Penalties Vivienne Westwood Limited v Conduit Street Development Limited [2017] EWHC 350 (Ch)

Published on 20 March 2017

Whether the termination of a side letter that allowed a tenant to pay a reduced rent amounted to a penalty and was unenforceable as a result.

The facts

The tenant rented retail premises from the landlord. The lease was for a term of 15 years from November 2009, at an initial rent of £110,000 per annum, subject to reviews of the open market rent in the fifth and tenth years.

The parties entered into a side letter at the same time as the lease, under which the landlord agreed to accept a lower rate of rent from the tenant. The side letter was terminable by the landlord if the tenant breached any of the terms and conditions of the side letter or the lease, in which case the rents would be payable in the manner set out in the lease as if the side letter had never existed.

The tenant failed to pay the rent in June 2015 and the landlord asserted that the side letter had been terminated and that the full rent was payable. The issue was whether the terms of the side letter amounted to a penalty and were therefore unenforceable as a result.

The decision

The court found that the terms of the side letter did amount to a penalty.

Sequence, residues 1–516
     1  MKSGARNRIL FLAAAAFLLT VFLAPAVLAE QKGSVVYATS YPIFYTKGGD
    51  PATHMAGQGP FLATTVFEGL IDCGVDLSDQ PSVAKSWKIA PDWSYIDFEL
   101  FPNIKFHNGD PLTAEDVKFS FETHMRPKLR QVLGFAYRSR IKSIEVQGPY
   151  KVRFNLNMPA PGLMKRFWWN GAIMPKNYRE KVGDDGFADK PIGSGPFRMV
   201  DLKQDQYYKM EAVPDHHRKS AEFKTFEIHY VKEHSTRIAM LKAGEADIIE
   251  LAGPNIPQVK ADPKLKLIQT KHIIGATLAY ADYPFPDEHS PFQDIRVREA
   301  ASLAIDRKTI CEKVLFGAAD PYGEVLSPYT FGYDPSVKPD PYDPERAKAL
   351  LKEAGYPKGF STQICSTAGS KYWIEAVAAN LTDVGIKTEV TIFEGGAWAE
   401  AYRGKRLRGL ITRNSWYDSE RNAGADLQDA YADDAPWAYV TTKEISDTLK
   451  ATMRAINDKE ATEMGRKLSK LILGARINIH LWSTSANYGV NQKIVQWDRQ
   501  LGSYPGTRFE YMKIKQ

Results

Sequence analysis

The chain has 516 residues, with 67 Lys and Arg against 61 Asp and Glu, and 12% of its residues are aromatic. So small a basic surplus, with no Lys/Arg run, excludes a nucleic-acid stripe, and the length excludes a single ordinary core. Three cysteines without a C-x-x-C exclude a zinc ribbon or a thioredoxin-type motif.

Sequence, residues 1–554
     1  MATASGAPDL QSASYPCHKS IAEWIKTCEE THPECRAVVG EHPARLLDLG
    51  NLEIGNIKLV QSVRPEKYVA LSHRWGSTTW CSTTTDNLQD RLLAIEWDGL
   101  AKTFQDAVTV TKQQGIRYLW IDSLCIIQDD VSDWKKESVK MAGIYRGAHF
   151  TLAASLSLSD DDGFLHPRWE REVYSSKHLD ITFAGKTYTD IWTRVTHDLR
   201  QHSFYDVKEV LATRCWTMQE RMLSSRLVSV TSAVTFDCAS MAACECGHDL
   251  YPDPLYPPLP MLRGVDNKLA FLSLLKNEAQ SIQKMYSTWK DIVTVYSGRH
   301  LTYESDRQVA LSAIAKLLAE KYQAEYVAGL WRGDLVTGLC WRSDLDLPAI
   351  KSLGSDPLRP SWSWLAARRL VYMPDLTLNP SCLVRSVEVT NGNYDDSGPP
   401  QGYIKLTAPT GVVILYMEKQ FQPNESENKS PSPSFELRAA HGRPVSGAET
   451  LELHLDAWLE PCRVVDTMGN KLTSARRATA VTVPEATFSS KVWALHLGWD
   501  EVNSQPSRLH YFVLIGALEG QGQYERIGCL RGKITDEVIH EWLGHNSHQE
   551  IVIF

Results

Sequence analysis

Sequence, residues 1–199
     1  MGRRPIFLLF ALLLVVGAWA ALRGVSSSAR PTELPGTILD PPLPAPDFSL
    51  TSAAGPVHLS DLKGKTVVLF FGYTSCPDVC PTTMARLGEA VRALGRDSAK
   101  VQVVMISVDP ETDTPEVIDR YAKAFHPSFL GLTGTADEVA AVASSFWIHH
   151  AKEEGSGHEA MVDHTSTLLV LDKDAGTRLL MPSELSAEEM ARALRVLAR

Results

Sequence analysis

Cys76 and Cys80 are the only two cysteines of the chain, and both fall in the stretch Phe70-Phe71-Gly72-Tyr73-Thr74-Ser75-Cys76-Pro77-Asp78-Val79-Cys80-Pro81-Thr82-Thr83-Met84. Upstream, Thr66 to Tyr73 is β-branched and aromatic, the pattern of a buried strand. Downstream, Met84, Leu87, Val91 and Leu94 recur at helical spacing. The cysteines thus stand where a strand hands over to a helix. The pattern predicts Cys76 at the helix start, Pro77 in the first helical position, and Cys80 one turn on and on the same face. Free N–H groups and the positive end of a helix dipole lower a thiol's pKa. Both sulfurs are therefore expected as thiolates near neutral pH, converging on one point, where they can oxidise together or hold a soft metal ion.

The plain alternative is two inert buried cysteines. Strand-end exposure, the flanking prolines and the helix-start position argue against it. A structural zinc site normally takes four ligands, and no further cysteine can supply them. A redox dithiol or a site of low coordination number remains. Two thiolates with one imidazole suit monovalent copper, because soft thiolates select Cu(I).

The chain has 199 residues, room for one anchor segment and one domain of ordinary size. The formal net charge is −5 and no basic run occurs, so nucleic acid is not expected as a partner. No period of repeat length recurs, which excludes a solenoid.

The judge applied the test in Makdessi v Cavendish Square Holdings BV. The tenant’s primary obligation was to pay rent at the lower rate. That only changed if a condition of the side letter was no longer satisfied or in the event of a breach by the tenant. Whether the side letter amounted to a penalty depended upon the legitimate interest of the landlord in having the tenant comply with its primary obligations under the lease and whether the increased rent from the termination of the side letter was unconscionable compared with any loss likely to flow from the breach.

The judge found that the reduction in rent was not simply a conditional right to which the tenant was not otherwise entitled; it was a substantial term of the bargain struck with the landlord. Further, under the side letter, the same adjustment applied whether a breach was one-off, minor, serious, or repeated, and regardless of the nature of the obligation or the consequences for the landlord. The termination of the side letter also had retrospective effective, meaning that the tenant would have to pay additional rent at a higher rate from the commencement of the lease. This was penal in nature, and the purported termination of the side letter was unenforceable as a result.

Why is this important?

This decision provides further guidance on the application of the rule against penalties and confirms that an agreement and side letter may be considered together when considering whether a penalty has been applied.

Any practical tips?

When drafting or agreeing to side letters, consider whether their terms and any specified consequences impact on the parties’ primary obligations and could be interpreted as amounting to a penalty. Consider whether the letter can instead be drafted as a conditional agreement.